Wednesday, November 16, 2011

Memory Forensics: How to Pull Passwords from a Memory Dump


Last time, we talked about a quick and easy way to get a memory dump on a Windows based PC.
This time, we will cover pulling passwords out of captured memory files.
Several programs exist for memory analysis, we will be using “Volatility” from Volatile Systems. If you are performing your analysis on a Windows system I recommend downloading the stand alone .exe version. If you don’t then you will also need to install Python.
Once Volatility is installed, we need to get some information from the memory dump. Open up a command prompt and run the following command:
volatility imageinfo -f memorydumpfilename.raw (click image to enlarge)
image
This command gives you several pieces of information, for now, we just need to know the profile type of the memory dump, in this case Win7SP1x86. We will use this in the next few steps.
Now, we need the hive list so we can get the starting location in memory of where the registry information resides:
volatility hivelist -f memdumpfilename.raw –profile=Win7SP1x86 (Use double dashes in front of profile for some reason they are showing up as a single) (click image to enlarge)
image
We now have a list of where several key items are located in the memory dump. Next, we will extract the password hashes from the memory dump. To do this we need to know the starting memory locations for the system and sam keys.
We look in the dump above and copy down the numbers in the first column that correspond to the SAM and SYSTEM locations. Then output the password hashes into a text file called hashs.txt:
volatility hashdump -f memdumpfilename.raw –profile=Win7SP1x86 -y 0x87c1a248 -s 0x8bfaa008 > hashs.txt  (double dashes in front of profile) (click image to enlarge)
image
Open the hash dump file in a text editor and you should see hashes of all the user’s passwords (click image to enlarge):
image
Now, if you are using Windows XP and have passwords shorter than 14 characters (LM passwords), you can run them through a password cracker like John the Ripper.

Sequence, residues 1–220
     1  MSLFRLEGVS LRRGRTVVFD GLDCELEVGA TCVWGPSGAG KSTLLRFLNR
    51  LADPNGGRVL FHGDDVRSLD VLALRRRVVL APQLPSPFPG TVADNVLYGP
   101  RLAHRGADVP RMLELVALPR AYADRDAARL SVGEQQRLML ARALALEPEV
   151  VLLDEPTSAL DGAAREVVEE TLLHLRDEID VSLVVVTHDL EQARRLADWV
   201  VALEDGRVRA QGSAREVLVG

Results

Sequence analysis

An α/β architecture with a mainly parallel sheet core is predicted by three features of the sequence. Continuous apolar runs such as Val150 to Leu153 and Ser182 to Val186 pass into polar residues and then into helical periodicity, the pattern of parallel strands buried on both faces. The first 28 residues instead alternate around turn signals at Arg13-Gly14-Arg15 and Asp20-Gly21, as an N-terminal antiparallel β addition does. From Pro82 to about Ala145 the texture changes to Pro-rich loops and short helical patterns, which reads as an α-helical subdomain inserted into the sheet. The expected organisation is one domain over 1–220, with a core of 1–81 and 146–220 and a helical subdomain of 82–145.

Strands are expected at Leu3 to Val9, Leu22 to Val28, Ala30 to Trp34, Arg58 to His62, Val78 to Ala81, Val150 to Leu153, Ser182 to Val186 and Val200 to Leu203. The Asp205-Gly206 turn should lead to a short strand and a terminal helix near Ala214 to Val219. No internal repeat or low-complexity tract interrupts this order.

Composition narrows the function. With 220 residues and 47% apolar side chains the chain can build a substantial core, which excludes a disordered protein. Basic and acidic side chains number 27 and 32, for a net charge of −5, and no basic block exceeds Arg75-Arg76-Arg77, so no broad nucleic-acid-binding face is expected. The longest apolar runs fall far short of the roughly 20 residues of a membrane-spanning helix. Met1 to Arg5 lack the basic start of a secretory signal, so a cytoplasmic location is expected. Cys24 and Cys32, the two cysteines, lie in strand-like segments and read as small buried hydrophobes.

Or better yet,  you can copy the long alphanumeric string after the user id number (500 or 1000 numbers) and paste them in Objectif Sécurité’s Online XP Hash cracking program. This utility cracks most LM based password hashes in 5 seconds or less. For more information see  Cracking 14 Character Complex Passwords in 5 Seconds.
This will not work on Windows 7 passwords or XP passwords longer than 14 characters though. These hashes are stored in the more secure NTLM format and can take a lot longer to crack. One cool thing though is that you do not need to crack the NTLM hash to get access to a system. You can log into a system using the hash itself as the password!
The password could be a simple 14 character password or a complex 32 character monster, it does not matter. You can still use the hash to get a command prompt. For more information see NTLM Passwords: Can’t Crack it? Just Pass it!
This really goes to show that passwords really are not as safe as one might think. Dual or multiple authentication systems are really the way to go on secure systems.
Well, that wraps up pulling passwords off of a memory dump, next we will learn how to view the active network connections and processes from a memory dump.
Cross-posted from Cyber Arms

1 comment:

  1. I have no words for this great post such a awe-some information i got gathered. Thanks to Author.
    html5 player| html5 video player

    ReplyDelete